Time to look at girls: Migrants in Bangladesh and Ethiopia
7:00 pm to 9:00 pm
- Brunei Gallery
About this event
Dr Nicoletta Del Franco (PhD Development Studies), Dr Marina de Regt (Vrije Universiteit Amsterdam) and Dr Katarzyna Grabska (Global Migration Centre at IHEID, Geneva), Felegebirhan Belesti (SOAS)
Produced and researched by: Katarzyna Grabska, Nicoletta Del Franco, Marina de Regt and Felegebirhan Belesti
Directed by: Marco Speroni, 31 min
Based on research funded by the Swiss Network of International Studies, Girl Effect Ethiopia, Terre des Hommes, University of Sussex, UK and the Feminist Review Trust
The increasing number of girls who move to cities is a momentous global change
Why are adolescent girls migrating and what happens to them?
How are their families and close ones affected?
What are the constraints and opportunities linked to migration for adolescent girls?
Bangladesh and Ethiopia are two examples of countries where girls’ independent migration is on the rise. This film explores the circumstances, decision-making, experiences and consequences of migration for adolescent girls in Bangladesh and Ethiopia. It is based on a research project “Time to look at girls: adolescent girls’ migration and development” (January 2014-December 2015), that explores the links between migration of adolescent girls and economic, social and political factors that trigger their movements. It shows the agency and choices being made by adolescent girls in their diverse migration experiences.
More migrants move within their own country or region than migrate to Northern countries. Bangladesh and Ethiopia have been experiencing increasing high rates of the migration of adolescent girls to work. In Bangladesh they are found for example in garment and other manufacturing industries; working as maids; or in beauty parlours. In Ethiopia, migrant girls are mainly escaping early marriages, seeking better living conditions, or aspiring to continue their education. Most of them take up paid work as maids or sex workers.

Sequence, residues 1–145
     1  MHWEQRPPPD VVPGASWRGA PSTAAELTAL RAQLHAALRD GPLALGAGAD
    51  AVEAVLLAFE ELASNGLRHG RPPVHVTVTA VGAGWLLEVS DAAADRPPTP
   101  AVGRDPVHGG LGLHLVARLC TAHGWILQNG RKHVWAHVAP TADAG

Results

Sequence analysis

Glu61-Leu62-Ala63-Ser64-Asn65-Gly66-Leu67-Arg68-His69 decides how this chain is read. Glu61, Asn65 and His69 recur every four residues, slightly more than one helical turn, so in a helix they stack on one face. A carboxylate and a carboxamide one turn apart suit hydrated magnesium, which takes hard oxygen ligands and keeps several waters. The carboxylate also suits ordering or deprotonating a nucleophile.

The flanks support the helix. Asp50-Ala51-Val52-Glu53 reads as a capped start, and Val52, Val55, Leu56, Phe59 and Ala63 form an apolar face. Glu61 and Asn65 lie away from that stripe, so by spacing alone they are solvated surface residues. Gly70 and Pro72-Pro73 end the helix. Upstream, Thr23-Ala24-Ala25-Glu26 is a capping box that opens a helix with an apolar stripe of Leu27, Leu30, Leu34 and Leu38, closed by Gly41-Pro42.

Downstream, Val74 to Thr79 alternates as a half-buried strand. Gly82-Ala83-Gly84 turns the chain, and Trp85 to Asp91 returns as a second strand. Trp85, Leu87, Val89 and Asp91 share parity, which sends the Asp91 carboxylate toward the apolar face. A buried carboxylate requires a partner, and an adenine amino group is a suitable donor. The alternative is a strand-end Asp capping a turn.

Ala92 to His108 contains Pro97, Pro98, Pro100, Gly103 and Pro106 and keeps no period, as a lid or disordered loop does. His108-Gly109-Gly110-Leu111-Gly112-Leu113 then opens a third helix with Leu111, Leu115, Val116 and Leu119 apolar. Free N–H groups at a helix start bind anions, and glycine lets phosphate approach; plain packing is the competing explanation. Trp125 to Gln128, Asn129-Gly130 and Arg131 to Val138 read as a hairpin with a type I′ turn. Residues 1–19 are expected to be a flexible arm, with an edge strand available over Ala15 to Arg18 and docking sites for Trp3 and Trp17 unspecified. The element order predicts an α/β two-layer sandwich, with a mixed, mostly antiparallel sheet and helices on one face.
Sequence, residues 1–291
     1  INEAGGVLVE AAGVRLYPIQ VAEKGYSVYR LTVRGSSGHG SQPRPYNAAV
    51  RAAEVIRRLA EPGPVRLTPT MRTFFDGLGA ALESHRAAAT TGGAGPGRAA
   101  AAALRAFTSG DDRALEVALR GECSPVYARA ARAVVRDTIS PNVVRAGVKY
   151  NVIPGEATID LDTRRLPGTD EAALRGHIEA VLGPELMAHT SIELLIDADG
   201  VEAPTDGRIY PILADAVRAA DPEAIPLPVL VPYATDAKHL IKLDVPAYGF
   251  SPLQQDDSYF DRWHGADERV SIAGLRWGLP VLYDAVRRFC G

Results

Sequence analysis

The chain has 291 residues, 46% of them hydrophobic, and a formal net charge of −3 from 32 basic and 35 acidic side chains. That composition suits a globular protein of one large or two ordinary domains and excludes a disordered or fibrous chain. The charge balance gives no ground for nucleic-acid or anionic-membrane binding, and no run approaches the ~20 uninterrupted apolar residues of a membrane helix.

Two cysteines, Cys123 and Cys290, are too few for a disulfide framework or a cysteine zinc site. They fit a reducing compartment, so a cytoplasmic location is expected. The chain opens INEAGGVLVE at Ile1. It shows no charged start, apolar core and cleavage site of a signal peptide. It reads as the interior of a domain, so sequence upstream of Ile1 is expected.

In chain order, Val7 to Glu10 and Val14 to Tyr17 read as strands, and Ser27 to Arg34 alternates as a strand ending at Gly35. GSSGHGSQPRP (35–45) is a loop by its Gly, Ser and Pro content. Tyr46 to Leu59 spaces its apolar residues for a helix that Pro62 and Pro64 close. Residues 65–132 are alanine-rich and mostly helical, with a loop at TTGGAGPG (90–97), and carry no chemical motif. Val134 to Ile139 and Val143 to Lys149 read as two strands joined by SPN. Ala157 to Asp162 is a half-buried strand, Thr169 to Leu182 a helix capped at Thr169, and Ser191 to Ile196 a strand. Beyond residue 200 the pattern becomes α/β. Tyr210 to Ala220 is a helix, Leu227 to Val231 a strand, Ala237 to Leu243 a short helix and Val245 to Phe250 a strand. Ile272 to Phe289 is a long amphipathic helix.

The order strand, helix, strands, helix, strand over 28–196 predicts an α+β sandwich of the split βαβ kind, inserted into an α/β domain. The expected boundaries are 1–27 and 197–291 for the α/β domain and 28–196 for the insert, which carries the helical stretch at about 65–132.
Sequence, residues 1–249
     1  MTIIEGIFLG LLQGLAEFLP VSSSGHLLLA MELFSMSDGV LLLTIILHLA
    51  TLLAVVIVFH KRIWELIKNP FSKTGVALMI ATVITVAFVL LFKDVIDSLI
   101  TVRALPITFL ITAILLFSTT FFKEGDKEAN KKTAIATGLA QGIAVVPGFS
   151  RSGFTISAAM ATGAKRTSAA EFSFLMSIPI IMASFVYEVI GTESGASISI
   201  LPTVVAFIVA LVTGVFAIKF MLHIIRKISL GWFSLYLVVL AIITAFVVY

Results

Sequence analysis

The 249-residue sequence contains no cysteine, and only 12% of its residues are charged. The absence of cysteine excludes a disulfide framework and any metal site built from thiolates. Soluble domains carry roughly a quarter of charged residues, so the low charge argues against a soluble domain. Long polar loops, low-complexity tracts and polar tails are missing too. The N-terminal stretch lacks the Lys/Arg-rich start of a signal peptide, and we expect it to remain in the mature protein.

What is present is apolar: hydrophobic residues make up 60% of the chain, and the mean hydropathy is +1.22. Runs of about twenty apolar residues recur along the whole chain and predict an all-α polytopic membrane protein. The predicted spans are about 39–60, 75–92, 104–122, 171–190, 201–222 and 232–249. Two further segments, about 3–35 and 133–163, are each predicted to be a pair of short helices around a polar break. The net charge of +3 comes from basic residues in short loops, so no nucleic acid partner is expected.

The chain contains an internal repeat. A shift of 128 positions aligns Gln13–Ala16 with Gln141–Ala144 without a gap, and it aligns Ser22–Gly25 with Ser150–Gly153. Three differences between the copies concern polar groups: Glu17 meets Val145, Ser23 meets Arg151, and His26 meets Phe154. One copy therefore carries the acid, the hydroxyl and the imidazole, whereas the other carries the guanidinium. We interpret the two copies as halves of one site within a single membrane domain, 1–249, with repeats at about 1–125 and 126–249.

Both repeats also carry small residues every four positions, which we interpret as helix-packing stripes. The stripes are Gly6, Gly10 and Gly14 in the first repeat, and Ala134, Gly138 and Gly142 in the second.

The film is based on four parallel stories about the trajectories of migration of adolescent girls in Bangladesh and in Ethiopia. In Bangladesh, the film portrays Lota and Sharmeen who are employed in garment factories. In Ethiopia, the documentary follows the lives of Tigist and Helen, two internal migrant girls, who end up in sex work. This beautifully shot film provides space for the powerful voices of the migrant girls who speak about their own circumstances, experiences, dreams for the future.
Breaking away from the dominant focus on girls as victims of trafficking, this film gives evidence of the resilience, creativity and agency of young migrants girls who faced with difficult choices.
View the film trailer at Vimeo website
About the speakers
Nicoletta Del Franco (PhD Development Studies) is a researcher and development consultant with extensive experience of qualitative research in South Asia (rural and urban Bangladesh in particular) with a focus on class and gender relations; young people and adolescence, the transition to adulthood; education and life aspirations; internal and overseas migration.
Marina de Regt is assistant professor at the department of Social and Cultural Anthropology of Vrije Universiteit Amsterdam. She is a social anthropologist who has worked on issued related to domestic work and migration in Yemen and Ethiopia.
Katarzyna Grabska (PhD) is a social anthropologist currently a research fellow in the Global Migration Centre at the Graduate Institute of International and Development Studies (IHEID) in Geneva. She is a principal researcher for the Swiss Network of International Studies funded project entitled “Time to look at girls: adolescent girls’ migration”, with fieldwork in Sudan.
Felegebirhan Belesti has a Masters in Human Rights from Addis Ababa University and is currently doing his Master Migration, Mobility and Development at SOAS. He worked as a consultant on various research projects about migration in Ethiopia, including the adolescent girls migration project.
Organiser: Centre for Migration and Diaspora Studies
Contact email: email@example.com